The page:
Once he had a wife, but he had one no longer. She had left him years ago. Once he had three children, but they all arrived stillborn. His heirs had come stillborn, one after the other, like drowned puppies from her womb, and he and his wife had had no taste to try again after that. They had seen the three arrive dead, one after the other, one hope after the other arriving dead, without life, death wrapped in a placenta, death in the shroud of life, and he and his wife would wager for the miracle no more. They had rejoiced in the gift of life but were given the blow of stillness thrice in a single day, and never would they try again. Never again would they wager on such a cause. They loved each other. That was true. They loved each other evermore, but they became distrustful, dysfunctional, and they buttressed their love by exchanging the pills of propagation for the pills of prevention, and somehow after four more years the pain of intimate knowledge, the pain of constantly being reminded of the tragedy just by seeing one another’s face became more than they could bear, though they never unhinged their lips to speak of it, for there was no expression to speak, no expression they cared to share, for reticence was their only savior, all that could save them from the madness and grief of that thrice-cursed day, and they would drift to different rooms and different beds before drifting to different lives, lives in twain, and banishing themselves from the garden of the pills of infertility and the life they lived together. The tragedy had merged them together and then been their undoing. The act, the only act, the act of love, had become an act of trepidation, the act that could end in another calamity, a day of rough, arduous, dangerous birth that could once again end in lumps of death sprawled upon a white sheet.
Johnny walked toward the back fence of the cemetery and lay down in the grass looking up at the sky. The sky was blue and wide, and the clouds moved quickly, for Waylon County was a place where weather patterns collided, and he thought about the clouds and what they looked like, though to him they were nothing but clouds. He did not imagine seeing animals or ships or anything else. The clouds were simply clouds.
The plot where he lay had no headstone, for he had not yet ordered one. This was his grave. He had already bought it. And he had bought the plot next to it in case Deborah changed her mind. Above what would be both of their heads, he had buried the three boys, one next to the other, each in swaddling clothes and lying in a bed of limestone. He had buried each of them himself, with his own pick and shovel. He had chosen not to give them a tombstone, for that would have warranted chiseling their names, Shadrack, Meshack, and Abednego, upon their joint grave. He wished he could have just called them all baby, but these were not the times. The boys’ location was unknown to anyone but Johnny and his former wife, though he knew in his heart she had not been to this cemetery in at least eight years, for he doubted her heart could take it.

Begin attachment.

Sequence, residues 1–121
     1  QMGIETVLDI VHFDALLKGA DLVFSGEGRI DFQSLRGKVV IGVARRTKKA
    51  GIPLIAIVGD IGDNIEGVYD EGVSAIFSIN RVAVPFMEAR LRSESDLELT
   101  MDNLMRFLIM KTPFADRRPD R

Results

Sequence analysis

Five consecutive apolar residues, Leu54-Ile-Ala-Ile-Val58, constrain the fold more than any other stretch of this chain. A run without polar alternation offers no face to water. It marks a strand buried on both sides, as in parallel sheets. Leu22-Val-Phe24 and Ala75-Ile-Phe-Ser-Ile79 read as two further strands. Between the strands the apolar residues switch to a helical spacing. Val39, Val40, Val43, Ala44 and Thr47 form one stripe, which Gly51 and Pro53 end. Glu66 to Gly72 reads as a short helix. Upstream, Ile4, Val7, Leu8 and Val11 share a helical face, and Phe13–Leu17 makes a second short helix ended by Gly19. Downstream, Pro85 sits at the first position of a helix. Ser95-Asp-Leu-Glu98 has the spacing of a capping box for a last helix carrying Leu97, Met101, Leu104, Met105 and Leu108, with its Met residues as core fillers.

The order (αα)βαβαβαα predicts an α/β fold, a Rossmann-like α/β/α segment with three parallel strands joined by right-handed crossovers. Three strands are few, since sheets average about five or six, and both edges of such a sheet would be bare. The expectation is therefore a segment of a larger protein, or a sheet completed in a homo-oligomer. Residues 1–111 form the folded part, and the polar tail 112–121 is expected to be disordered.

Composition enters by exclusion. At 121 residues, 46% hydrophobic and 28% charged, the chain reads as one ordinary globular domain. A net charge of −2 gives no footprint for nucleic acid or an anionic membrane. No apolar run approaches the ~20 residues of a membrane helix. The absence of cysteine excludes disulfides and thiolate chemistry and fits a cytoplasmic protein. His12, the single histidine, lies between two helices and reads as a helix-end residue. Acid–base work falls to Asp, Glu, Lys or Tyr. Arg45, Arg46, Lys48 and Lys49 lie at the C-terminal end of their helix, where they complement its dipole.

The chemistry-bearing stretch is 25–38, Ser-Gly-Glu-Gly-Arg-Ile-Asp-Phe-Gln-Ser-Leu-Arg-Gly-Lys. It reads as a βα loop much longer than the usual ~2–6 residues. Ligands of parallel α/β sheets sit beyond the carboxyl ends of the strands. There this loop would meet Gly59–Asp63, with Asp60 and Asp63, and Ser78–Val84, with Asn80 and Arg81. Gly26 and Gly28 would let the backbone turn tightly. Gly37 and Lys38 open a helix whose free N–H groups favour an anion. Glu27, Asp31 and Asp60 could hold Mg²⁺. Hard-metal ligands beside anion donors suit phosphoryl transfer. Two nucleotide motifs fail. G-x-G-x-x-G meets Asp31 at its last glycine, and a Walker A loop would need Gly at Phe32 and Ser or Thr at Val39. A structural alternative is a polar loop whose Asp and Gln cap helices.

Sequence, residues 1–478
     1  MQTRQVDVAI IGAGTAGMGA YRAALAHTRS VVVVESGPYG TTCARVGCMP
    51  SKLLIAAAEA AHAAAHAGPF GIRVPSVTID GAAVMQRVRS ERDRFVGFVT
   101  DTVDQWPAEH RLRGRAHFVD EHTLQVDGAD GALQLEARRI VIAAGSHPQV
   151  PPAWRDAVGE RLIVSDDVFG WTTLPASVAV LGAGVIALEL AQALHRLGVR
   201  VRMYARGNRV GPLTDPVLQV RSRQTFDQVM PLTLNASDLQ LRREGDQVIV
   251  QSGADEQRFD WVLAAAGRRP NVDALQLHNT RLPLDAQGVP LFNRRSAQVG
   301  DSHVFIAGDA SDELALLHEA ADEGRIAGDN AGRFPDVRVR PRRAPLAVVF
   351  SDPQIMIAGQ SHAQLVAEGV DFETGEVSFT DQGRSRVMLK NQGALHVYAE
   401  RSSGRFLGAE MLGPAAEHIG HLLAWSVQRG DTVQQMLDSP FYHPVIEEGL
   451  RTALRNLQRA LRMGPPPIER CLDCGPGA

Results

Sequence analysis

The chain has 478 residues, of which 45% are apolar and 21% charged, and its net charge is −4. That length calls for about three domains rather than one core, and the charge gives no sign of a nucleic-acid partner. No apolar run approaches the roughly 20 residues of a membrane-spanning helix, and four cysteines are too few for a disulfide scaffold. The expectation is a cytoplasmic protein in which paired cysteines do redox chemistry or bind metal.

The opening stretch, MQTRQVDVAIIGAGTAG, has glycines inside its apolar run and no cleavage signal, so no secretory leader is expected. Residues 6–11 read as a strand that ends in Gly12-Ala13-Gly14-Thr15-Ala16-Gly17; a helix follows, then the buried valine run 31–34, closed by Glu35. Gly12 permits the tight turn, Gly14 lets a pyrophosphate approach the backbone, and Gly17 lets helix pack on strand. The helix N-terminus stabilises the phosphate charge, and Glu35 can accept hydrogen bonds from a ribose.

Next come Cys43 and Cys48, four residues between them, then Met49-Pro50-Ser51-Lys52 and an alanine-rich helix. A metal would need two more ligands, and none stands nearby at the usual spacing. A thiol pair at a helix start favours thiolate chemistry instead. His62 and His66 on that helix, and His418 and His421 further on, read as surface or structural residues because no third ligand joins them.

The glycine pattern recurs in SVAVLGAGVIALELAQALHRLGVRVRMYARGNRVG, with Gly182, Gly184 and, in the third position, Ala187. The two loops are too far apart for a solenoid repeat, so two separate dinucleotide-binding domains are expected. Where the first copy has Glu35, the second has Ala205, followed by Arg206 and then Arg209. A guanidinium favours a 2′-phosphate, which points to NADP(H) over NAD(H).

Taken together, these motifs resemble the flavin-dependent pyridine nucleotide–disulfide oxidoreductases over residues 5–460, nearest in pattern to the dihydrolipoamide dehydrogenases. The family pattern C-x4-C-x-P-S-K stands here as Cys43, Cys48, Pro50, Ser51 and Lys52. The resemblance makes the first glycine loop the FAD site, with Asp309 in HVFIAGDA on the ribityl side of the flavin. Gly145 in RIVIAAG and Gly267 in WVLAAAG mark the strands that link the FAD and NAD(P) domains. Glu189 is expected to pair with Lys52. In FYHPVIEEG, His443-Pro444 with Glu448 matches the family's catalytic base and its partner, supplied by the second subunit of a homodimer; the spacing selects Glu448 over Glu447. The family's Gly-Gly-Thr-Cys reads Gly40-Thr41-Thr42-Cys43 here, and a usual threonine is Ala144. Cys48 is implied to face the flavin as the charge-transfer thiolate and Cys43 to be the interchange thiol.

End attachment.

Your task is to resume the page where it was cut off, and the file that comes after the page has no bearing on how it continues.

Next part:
Johnny lay in his place and looked into the sky. He felt comfort here. Comfortable to be lost with the others, comfortable among the other broken dreams, the other tragic losses, the obsession with a past and no honest hope for a future. He was comfortable to be in a place where all was stagnant, decayed, or gone, where all was in retrograde, except the nourished green grass on which he lay. Perhaps Deborah would come back to him. Perhaps she would not. Perhaps it did not matter. It probably did not matter. He doubted it even mattered. Anyhow. He would lay on the grass in Baby Head, and he would not wait on anything or anyone, but then, he would not move on either.